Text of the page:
Factors associated with mortality and length of stay in hospitalised neonates in Eritrea, Africa: a cross-sectional study
- 1Division of Neonatology, Department of Pediatrics, State University of New York at Stony Brook School of Medicine, Stony Brook, New York, USA
- 2Department of Pediatrics and Neonatology, Orotta Pediatric Hospital, Orotta National Maternity Referral Hospital, Asmara, Eritrea
- 3School of Aging Studies, University of South Florida, Tampa Bay, Florida, USA
- Correspondence to Dr Shetal Shah;
- Received 20 December 2011
- Accepted 7 February 2012
- Published 14 September 2012
Objective To determine the factors associated with mortality in a hospitalised cohort of infants in Asmara, Eritrea.
Design Retrospective cross-sectional review of all 2006 admissions to a specialised neonatal intensive care unit. Data on gestational age (prematurity), age at presentation, birth weight, gender, mode of delivery, Apgar score, maternal age, birth location, admission diagnosis, admission comorbidities, time of admission and outcome were collected.
Setting Orotta Pediatric Hospital ‘Specialised Neonatal Intensive Care Unit’ (SNCU) in Orotta National Maternity Referral Hospital, the nation's only tertiary newborn centre.
Primary and secondary outcome measures Factors associated with mortality and length of stay via multivariate regression analysis and the combined association of both hypothermia and pneumonia. Other outcome measures were determination of the association of admission hypothermia, time of admission and pneumonia on mortality.
Results A total of 1502 infants were admitted to the SNCU with an average preterm gestational age of 35.9 weeks. 87 died (mortality 8.2%). In bivariate analysis, the highest mortality rate (10.3%) was seen in patient's admitted <1 h after birth. Patients with hypothermia or pneumonia exhibited higher mortality rates (13.6% and 13.4%, respectively). In multivariate analysis, birth weight <2 kg (p<0.01), birth weight between 2.1 and 2.5 kg (p<0.01), Apgar score at 1 min (p<0.01), small for gestational age (p<0.01), hypothermia (p<0.04) and pneumonia (p<0.01) were associated with mortality.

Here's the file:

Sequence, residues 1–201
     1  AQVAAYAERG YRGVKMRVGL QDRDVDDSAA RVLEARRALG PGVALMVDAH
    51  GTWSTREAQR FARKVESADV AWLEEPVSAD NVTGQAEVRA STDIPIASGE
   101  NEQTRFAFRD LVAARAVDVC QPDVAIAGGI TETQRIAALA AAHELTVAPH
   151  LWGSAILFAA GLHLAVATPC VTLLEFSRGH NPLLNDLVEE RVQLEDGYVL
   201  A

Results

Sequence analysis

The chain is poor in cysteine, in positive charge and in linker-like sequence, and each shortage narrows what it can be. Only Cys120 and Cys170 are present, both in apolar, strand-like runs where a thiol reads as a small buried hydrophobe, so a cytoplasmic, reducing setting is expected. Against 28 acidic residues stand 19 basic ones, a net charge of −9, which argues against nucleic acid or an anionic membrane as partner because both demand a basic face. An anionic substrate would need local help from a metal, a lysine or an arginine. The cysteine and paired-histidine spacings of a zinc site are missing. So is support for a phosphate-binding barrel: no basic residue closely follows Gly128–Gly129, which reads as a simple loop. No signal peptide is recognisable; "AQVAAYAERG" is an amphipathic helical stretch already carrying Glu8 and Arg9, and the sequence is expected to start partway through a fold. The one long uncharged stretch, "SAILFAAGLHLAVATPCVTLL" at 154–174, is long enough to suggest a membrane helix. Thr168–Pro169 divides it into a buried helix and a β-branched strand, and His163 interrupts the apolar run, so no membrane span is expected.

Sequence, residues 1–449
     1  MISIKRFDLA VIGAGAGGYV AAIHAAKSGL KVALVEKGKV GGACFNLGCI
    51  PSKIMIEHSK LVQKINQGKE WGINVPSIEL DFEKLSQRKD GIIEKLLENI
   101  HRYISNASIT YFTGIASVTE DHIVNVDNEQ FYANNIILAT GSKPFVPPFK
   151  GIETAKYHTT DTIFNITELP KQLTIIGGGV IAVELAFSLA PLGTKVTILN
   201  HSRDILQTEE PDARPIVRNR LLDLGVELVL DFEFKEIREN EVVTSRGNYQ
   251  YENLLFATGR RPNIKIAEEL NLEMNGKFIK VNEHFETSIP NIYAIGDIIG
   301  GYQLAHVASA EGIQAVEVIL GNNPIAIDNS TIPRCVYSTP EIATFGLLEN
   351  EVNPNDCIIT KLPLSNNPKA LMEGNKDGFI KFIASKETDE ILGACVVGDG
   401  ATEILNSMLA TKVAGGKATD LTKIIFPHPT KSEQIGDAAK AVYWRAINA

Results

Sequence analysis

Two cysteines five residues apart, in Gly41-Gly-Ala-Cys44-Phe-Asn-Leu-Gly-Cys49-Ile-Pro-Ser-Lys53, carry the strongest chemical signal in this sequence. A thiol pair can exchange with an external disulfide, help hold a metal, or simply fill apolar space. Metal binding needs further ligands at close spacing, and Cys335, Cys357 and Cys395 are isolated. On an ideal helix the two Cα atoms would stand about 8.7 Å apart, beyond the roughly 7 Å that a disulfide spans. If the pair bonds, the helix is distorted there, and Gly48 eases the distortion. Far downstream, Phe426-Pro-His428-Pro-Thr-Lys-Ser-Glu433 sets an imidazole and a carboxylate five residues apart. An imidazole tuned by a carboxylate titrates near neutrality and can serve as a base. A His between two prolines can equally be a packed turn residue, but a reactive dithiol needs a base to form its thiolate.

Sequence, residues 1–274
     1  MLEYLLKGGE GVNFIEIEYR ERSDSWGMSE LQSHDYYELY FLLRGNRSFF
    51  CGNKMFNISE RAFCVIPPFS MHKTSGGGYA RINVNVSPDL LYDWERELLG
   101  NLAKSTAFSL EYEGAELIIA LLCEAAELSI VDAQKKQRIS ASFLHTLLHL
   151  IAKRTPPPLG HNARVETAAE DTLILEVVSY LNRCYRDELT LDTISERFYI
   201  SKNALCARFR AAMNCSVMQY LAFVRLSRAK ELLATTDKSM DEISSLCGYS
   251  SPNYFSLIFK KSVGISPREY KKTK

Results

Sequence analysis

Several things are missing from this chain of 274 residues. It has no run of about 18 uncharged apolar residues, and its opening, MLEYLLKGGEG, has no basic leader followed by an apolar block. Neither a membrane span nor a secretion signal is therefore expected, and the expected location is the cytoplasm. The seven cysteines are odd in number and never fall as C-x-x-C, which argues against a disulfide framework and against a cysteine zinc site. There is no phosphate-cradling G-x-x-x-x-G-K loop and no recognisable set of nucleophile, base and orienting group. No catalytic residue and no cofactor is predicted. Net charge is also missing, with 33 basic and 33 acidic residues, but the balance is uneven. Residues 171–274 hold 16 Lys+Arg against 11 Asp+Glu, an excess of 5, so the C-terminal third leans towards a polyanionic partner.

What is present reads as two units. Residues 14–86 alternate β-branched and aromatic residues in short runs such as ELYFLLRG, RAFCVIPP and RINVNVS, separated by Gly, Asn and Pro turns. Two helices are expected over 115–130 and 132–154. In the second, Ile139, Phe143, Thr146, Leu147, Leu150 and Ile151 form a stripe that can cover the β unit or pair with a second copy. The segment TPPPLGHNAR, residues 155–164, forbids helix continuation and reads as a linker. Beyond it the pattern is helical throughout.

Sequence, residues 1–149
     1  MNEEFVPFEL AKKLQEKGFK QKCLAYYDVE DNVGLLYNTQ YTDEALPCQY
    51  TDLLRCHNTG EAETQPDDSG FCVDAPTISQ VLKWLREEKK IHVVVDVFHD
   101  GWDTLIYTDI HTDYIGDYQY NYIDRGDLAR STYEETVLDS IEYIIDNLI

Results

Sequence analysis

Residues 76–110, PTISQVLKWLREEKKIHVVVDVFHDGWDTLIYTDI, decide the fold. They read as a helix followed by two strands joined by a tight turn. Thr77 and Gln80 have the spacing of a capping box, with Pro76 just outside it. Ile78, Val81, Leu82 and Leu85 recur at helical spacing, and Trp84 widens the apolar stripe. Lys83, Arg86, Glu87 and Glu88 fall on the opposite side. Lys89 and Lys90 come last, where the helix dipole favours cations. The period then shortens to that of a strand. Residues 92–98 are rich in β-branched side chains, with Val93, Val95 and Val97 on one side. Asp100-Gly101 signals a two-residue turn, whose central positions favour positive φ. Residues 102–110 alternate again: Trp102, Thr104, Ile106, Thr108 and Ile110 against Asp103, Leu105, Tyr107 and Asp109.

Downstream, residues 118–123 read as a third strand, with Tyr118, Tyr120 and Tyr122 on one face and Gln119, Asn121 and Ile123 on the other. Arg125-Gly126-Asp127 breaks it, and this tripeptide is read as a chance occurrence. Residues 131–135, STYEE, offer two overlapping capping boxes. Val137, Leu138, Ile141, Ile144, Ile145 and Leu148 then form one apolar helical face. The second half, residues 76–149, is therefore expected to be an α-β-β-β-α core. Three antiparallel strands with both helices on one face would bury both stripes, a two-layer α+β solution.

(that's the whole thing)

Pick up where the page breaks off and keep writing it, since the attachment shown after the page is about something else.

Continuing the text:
Conclusion Hypothermia, pneumonia, younger gestational age, 1 min Apgar score and small size for gestational age are significantly associated with mortality and longer length of stay in the Eritrean SNCU.
To cite: Shah S, Zemichael O, Meng H. Factors associated with mortality and length of stay in hospitalised neonates in Eritrea, Africa: a cross-sectional study. BMJ Open 2012;2:000792. doi:10.1136/bmjopen-2011-000792
Contributors SS made substantial contributions to conception and design of the study, wrote the text of the manuscript, performed all revisions and performed part of the data analysis. OZ collected the information and data for all patients in the study, made substantial contributions to conception and design of the study and made critical revisions to the abstract. HDM made substantial contributions to conception and design of the study, performed part of the data analysis, including the regression analysis. All authors were involved in drafting all or part of the manuscript.
Funding Travel costs related to the study were underwritten by the Partnership for Eritrea and George Washington University School of Medicine as part of an international health exchange programme. No specific grant supported directly related to the study was obtained. This work supported in part by the Partnership for Eritrea and George Washington University.
Competing interests SS once served on the Speaker's Bureau of Abbott Nutrition.
Patient consent Exempted from review per the State University of New York Institutional Review Board.
Ethics approval Ethics approval was provided by the State University of Stony Brook Institutional Review Board.
Provenance and peer review Not commissioned; externally peer reviewed.
Data sharing statement There are no additional unpublished data from this study that are available. Another article specifically looking at outcomes in infants with pneumonia and hypothermia was published in the Journal of Tropical Pediatrics last year.
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